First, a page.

Morning, Just a thought and would like to hear others. Hire an independent RV tech. Tell the dealer no deal until your tech goes over the unit and gives his OK. No money laid out to the dealer without a WRITTEN CONTRACT stating this. Also, no more than a few hundred dollars to them. Finally, make deal dependant on the dealer paying you techs fees. This way, quite possibly the dealer may want to make a sale.
Thank you for posting this article. I don’t know of ANY RVers who haven’t had significant issues with the quality of their RV’s. RV manufacturers won’t be motivated under the current administration to listen to consumers unless we continue to make our issues public and impact their sales.
Interestingly, several months ago you published a letter from a reader who whined and complained about your (truthful) articles about problems within the RV industry. His letter suggested that he wanted to hear only glowing (false) reports. It made me wonder if his income didn’t depend on RV sales.
Keep reporting on the good and the bad sides of our lifestyle!
A quick look at many of the various state RV Lemon laws shows the words “CHASSIS ONLY”. What that means is that the LIVING PORTION of the RV is NOT COVERED by the lemon law. Unfortunately, that is where the great majority of the problems are located and are not subject to the lemon law leaving the buyer out in the cold. That needs to be changed so that the majority of the problems can be covered. However, the RV industry lobby has managed to keep the CHASSIS ONLY provisions intact and will obviously continue that practice.
Dick and/or Sandy, We will continue our efforts to put pressure on manufacturers to turn out better products and for dealers to fix any problems they can identify before the coach leaves the lot. As far as lemon laws, if RVers with RVs that cannot be used for months on end due to problems with their coach then we will continue to make it easy for them to find a lawyer who will step in.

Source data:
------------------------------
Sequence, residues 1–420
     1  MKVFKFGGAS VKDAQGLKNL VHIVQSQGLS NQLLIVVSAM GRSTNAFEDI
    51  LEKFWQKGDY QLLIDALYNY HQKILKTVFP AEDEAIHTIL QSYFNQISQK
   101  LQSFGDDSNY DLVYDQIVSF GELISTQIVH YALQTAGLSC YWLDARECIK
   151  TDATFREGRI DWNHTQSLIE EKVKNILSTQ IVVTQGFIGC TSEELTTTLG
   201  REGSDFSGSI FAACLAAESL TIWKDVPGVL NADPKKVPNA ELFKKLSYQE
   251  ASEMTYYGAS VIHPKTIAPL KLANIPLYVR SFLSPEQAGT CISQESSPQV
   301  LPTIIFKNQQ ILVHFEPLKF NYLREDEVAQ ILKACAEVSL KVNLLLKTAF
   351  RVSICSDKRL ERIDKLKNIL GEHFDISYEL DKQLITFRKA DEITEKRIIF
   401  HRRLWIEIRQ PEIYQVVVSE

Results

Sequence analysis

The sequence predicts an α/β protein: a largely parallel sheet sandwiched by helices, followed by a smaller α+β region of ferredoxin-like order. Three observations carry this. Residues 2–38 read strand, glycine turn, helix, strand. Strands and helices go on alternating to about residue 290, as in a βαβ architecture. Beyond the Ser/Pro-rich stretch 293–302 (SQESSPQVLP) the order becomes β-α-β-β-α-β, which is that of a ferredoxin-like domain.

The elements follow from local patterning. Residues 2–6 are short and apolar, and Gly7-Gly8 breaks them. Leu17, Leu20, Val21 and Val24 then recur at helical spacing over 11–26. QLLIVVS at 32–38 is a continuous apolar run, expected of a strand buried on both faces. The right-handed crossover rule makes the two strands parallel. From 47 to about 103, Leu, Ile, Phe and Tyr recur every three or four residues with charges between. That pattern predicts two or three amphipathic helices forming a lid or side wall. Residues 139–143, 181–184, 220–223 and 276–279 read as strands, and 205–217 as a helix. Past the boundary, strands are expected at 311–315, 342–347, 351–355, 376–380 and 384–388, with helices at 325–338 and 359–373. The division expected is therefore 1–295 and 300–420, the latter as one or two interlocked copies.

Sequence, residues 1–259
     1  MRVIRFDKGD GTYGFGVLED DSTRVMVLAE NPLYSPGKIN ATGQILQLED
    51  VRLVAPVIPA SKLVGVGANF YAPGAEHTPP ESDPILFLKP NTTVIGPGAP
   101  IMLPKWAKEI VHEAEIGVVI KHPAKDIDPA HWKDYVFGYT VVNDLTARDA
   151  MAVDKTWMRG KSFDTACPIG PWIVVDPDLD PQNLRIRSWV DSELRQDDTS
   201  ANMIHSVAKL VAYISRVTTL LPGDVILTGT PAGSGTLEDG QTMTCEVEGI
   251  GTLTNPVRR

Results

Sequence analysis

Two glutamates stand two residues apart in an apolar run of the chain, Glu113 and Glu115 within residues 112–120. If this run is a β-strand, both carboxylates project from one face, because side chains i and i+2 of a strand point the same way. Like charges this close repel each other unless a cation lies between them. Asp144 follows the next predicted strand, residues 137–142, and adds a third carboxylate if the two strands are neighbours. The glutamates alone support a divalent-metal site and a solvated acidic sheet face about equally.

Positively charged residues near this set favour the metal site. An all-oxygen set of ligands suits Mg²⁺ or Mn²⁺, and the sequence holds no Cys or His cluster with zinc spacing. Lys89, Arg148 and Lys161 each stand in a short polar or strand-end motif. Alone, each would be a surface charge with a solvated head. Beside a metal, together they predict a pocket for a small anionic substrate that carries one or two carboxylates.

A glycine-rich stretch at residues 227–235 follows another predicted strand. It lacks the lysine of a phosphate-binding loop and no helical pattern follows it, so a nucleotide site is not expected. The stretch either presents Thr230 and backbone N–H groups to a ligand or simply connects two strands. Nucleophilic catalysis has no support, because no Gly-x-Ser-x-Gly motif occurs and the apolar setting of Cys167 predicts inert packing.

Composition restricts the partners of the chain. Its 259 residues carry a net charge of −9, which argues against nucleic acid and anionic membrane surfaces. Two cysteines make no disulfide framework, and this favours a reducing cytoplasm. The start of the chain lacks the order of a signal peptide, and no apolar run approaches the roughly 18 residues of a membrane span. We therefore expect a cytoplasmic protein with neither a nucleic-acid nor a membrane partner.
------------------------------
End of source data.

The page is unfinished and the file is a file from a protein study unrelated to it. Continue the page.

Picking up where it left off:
I’m so glad you are covering this issue as I am going through the worst consumer process of my life. My husband and I purchased a 2012 THOR ACE and loved our RV but sadly he passed away from a massive heart attack in 2014 while out buying my Valentines Day flowers. I did go away in the RV a few times after he passed but found it very painful not to have him there so I decided to trade my RV in at the 2017 Seattle RV show and there my hell began. I purchased another brand new 2017 THOR ACE and was told I could pick it up the following week but as each week passed they stalled and delayed my PDI and eventually all calls stopped where I constantly had to call them. They told me there were warranty issues and that they damaged the bedroom door and were waiting for parts. I was finally told I could pick my RV up so I drove the 86 miles with my daughter only to find out nothing had been fixed. They ended up having a 15 staff walkout weeks later and closed their service center so I had to get permission from THOR to transfer it to another service where I had to wait in line at their busiest time along with THOR taking their time to ok repairs and send parts. I am now at 15 months and never had my RV a single day this whole time and the treatment I’m now receiving from THOR has been shocking to say the least, threatening that I can’t turn the RV back over to them and they won’t compensate or renew my warranty. They have dragged this on until my warranty has now expired and I’ve yet to take possession of it. The stress this has caused on top of the loss of my husband has been unbelievable. I also found out that the dealership did not put the RV in my name until May a full 3 months after I signed the papers and was making payments on it plus my tax, insurance and RV storage. I am sickened by the whole process and waiting to collect my RV next week as each time I went in to collect it the repairs had failed again before I could take the RV. Sorry this is so long but I couldn’t believe this was the article this week and there are many more people like me going through this and nobody cares. I just want to drive off with my RV and have my full years warranty and get on with my life!